There are some who thought they’d never see this day… and others who hoped they wouldn’t, but it’s finally here. No, I’m not referring to England actually progressing past the group stages of the world cup. The long awaited reform to the deprivation of liberty safeguards has started its journey through the House of Lords. The Mental Capacity (Amendment) Bill was introduced to the House of Lords on 3rd July 2018 as it begins its journey towards becoming an Act. It generally reflects the proposed Bill from the Law Commission following the publication of their report which seems like an age ago now. But does have some notable omissions. The Bill isn’t the wide-ranging reform to the Mental Capacity Act (MCA) that some had hoped for, instead it’s limited to a replacement of the current DoLS regime. It was recommended that the new scheme applied to people aged 16 and 17 years old as well as those 18 and over to fit better with the MCA as a whole but no, it only applies to those aged 18 and over. Nor does the Bill define what constitutes a deprivation of Liberty so for now at least, the acid test from the Cheshire West Case still applies. The Bill also excludes recommendations from the law commission around supported decision-making and placing greater emphasis on the care-for person’s wishes and feelings.
Two of the more notable inclusions are pre-authorisation reviews and care home manager statements.
Before the responsible body (local authority or hospital manager) can authorise a deprivation of liberty, a pre-authorisation review must be carried out. It can’t be completed by someone involved in the day-to-day care of the cared-for person, or in providing any treatment for the cared-for person. If the cared-for person does not wish to live in a particular place (and the arrangements are for that place) then the pre-authorisation review must be carried out by an Approved Mental Capacity Professional (AMCP). Similarly, if the arrangements are for the cared-for person to receive care or treatment in a particular place and they don’t want to receive care or treatment there, an AMCP is required to undertake the pre-authorisation review.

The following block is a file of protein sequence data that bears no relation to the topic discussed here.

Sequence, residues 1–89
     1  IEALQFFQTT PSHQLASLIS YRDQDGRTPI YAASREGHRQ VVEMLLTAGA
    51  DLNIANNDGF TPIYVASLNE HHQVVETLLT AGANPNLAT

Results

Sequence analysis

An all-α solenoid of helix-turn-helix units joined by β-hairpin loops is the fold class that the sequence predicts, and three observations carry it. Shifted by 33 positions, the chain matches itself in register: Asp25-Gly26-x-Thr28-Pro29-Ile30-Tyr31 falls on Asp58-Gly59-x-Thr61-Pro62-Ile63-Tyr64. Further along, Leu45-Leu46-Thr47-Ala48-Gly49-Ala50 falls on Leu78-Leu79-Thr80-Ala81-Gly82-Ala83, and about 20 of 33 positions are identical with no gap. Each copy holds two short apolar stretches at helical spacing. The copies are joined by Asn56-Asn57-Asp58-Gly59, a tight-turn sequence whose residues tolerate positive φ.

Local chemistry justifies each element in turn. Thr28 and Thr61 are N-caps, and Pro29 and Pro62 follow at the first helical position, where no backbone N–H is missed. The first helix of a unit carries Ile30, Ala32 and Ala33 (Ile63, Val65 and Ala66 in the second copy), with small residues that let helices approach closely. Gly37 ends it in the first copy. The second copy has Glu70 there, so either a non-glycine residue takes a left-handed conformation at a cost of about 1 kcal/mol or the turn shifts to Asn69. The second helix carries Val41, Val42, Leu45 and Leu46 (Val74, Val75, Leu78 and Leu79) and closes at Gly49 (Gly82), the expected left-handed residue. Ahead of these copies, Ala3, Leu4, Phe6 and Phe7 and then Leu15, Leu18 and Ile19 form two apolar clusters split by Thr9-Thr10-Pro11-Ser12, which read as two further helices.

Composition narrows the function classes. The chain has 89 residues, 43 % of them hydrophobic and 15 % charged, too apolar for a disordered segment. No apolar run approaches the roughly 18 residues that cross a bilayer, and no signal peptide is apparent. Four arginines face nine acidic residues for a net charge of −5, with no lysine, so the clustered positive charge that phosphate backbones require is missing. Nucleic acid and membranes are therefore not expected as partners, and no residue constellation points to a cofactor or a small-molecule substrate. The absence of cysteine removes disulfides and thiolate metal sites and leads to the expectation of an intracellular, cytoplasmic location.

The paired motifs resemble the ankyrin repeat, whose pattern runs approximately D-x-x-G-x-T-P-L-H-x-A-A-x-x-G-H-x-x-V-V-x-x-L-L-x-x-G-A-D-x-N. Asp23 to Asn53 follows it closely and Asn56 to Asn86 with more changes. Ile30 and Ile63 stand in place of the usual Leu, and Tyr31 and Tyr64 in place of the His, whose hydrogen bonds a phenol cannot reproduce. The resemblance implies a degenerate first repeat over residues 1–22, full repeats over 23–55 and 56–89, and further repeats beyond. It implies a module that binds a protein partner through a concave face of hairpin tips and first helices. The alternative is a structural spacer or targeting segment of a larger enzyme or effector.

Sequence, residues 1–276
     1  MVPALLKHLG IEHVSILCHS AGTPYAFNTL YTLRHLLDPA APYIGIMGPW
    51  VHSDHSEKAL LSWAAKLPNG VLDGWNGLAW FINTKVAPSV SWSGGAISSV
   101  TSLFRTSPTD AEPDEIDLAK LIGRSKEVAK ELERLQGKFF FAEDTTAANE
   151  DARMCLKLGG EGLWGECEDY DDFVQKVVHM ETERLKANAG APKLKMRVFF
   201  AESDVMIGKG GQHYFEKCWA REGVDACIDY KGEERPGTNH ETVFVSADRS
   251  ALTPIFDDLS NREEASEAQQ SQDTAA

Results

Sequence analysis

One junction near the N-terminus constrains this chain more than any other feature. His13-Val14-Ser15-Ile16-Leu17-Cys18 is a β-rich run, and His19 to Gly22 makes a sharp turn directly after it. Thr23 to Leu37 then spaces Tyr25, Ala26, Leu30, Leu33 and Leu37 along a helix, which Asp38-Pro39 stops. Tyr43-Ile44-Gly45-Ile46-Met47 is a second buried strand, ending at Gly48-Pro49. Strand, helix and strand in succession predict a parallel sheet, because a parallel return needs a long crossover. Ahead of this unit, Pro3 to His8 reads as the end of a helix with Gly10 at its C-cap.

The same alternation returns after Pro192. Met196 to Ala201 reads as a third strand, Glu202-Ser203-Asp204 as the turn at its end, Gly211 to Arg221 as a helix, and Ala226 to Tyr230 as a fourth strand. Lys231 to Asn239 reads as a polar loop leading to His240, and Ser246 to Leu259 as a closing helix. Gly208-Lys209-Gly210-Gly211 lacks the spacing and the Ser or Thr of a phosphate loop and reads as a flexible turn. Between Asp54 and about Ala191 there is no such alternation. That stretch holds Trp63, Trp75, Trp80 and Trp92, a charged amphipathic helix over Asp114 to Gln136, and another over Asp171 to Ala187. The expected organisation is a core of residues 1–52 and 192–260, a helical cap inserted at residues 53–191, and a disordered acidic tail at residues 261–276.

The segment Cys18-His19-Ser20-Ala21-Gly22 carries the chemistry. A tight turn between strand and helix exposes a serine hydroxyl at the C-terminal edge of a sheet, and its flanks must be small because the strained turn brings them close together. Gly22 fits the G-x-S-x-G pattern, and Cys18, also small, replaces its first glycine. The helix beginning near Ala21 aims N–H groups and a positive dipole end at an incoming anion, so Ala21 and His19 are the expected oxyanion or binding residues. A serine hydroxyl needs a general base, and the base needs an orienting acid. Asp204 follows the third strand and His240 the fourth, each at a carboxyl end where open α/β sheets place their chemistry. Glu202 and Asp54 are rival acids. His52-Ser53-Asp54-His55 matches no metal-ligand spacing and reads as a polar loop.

For a responsible body to authorise care home arrangements, the care home manager must complete a statement confirming that:
At first glance, this Bill appears to be further from the law commission’s draft Bill than some might have imagined and raises more questions than answers. There is again assurance that it will save local authorities £200 million. But how much will it cost the NHS? At the moment it is only local authorities who are responsible for authorising DoLS. It is proposed that under the new scheme, the NHS will also be responsible where a person is in a hospital.
There is also, what appears to be a huge responsibility placed upon care homes to provide much of the information required for an authorisation (including a draft authorisation) in readiness for the responsible body to ‘sign off’ the authorisation. This will require a lot of training for care home managers to ensure that they are familiar with the expectations of responsible bodies and ensure that mental capacity assessments are completed to a certain standard.
It will be of great interest for many to see how this Bill is debated during its passage through the Houses, the next scheduled reading is on 16/07/2018.